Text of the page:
On January 1, 2015, I started recording the time I spend on freelance-practice business functions that don’t fall under a specific project’s billing code. How big will my “invoice” be come next New Year’s Eve?
Like many freelancers, I started my 2015 with a healthy list of business-related tasks to keep my 2014 freelance momentum rolling: printing out new calendars, setting income and client goals, starting my taxes, even registering for a conference. I even got an invoice out the door. No rest for the wicked.
As I hit SEND on my first bill of the year, it occurred to me how much work I’d done that day that didn’t have a billing code for a specific client or project. I estimated I’d spent about 2½ hours on my business in general that morning. This was an investment in my practice, but its return wouldn’t be as immediately or financially tangible as that of my invoice. For the moment, it was more of an expense: my time in exchange for work, but work that didn’t have a deadline, go to a client, or show up in the form of a spiffy published book with (ideally!) my name among the credits.
Freelancers are urged to set their fees high enough to pay for business and personal expenses, fund their retirement, and provide a bit of profit. Yet when seen as unpaid work, this intangible business development and maintenance I was doing was no less of an expense than a year’s worth of web hosting or a decent office chair that wouldn’t have me crab-walking to a chiropractor. By that logic, if I wasn’t tracking the time these functions took, and setting my rates high enough to cover the hours, I was shortchanging myself.
So I decided—quite possibly long after my wiser freelance colleagues have started doing so—to track this time as I do with my projects. I’ve been pouring my project start and stop times into Excel since I started freelancing, even programming a cell in the trackers for flat-fee projects to see when I was nearing my threshold of profitability (basically, fee / hours spent = OMG) for that job.
Here are some of the things I can add to my new tracker. Each either supports my business/professional development, or is a direct consequence of being the Chief Doer of Things for this operation:
- Health insurance payment, forms, and research
- Purchasing office/business supplies or services
- Taxes: organizing receipts, recording expenses, sending quarterly payments, and assembling my package for the accountant (or finding a new accountant if I ever need to)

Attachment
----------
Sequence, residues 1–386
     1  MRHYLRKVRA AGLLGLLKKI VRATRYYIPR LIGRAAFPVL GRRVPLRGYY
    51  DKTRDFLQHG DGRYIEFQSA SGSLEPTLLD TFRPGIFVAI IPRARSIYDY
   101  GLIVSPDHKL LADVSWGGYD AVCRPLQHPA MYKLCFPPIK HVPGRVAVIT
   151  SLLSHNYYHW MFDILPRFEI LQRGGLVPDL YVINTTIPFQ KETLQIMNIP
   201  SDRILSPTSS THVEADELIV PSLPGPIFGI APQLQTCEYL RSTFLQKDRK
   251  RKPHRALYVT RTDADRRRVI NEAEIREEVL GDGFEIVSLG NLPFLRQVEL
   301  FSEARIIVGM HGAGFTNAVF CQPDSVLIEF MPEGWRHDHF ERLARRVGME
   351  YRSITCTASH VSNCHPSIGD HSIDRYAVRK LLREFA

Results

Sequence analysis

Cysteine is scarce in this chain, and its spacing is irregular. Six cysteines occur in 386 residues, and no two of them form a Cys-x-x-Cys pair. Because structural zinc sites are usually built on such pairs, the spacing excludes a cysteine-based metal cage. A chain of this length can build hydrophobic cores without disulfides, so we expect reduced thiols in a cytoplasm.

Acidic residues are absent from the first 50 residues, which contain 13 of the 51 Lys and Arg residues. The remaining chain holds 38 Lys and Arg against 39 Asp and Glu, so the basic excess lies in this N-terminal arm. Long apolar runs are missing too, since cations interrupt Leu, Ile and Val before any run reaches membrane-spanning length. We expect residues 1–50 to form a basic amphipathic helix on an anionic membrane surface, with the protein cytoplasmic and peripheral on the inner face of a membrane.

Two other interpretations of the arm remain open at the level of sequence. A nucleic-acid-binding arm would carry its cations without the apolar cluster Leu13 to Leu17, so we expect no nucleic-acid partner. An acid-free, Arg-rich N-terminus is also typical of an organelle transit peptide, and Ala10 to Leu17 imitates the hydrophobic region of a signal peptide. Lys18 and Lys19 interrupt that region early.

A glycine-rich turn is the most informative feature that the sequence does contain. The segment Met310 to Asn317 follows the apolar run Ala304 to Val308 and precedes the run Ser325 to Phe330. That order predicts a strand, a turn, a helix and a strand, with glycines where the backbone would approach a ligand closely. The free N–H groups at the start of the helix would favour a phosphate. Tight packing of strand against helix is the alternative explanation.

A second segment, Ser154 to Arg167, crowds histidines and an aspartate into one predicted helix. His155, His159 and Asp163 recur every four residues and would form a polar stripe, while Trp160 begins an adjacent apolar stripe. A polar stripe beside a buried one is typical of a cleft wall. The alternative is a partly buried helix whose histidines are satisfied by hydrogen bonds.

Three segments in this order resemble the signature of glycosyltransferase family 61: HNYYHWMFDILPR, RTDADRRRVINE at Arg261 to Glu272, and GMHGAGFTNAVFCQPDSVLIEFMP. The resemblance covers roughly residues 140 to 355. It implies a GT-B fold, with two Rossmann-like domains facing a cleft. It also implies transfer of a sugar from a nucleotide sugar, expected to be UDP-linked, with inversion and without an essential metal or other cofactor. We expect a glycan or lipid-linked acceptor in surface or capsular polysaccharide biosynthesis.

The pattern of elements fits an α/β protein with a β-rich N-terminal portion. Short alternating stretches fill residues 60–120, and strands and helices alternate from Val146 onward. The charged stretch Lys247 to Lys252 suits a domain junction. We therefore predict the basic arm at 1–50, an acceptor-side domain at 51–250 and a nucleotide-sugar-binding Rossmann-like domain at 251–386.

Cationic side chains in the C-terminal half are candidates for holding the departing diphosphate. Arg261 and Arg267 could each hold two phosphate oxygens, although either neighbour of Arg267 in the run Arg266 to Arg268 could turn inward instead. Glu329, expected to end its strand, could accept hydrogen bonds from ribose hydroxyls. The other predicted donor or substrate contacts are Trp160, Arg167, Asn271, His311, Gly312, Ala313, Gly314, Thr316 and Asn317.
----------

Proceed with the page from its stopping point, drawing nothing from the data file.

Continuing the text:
- Hunting for new work
- Publicizing my work
- Updating my résumé and online directory profiles
- Computer and software research, purchasing, installation, and maintenance
- Registering for and attending conventions, conferences, and classes
- Reading industry periodicals and discussion lists
- Twitter chats with colleagues
- Retirement planning
- Blog posts!
Note how many of these functions would be the province of a full-time employer. I’ve had some individual clients balk at my project estimates, but I’ll wager most of them—and even some institutional clients—don’t realize that if I were an office worker, I’d have a range of support staff and colleagues, whom I wouldn’t have to pay, or actually be, to do a lot of these jobs, or at least make them easier (e.g., an HR department contracting for and presenting a range of insurance plans, IT folks with fire extinguishers to put my burning computer out—that’s a whole other story).
Anytime I have to do one of these tasks, I have to stop copyediting, proofreading, or writing—tasks that do have a direct financial return—and the faucet stops. If I’m not charging clients enough to cover that unbilled time, then I’m covering it—and then the faucet leaks.
The good news is that with several lovely clients in my circle, each one only has to contribute a little to the “housekeeping fund” for those hours to be reimbursed. I’ll need to factor this into the raise requests I send out in the next couple of weeks—requests that I’ll time, note on my Excel sheet, and review at the end of the year to ensure that in 2016, I’m covering the phantom billing code that can weigh heavily on a thriving freelance business.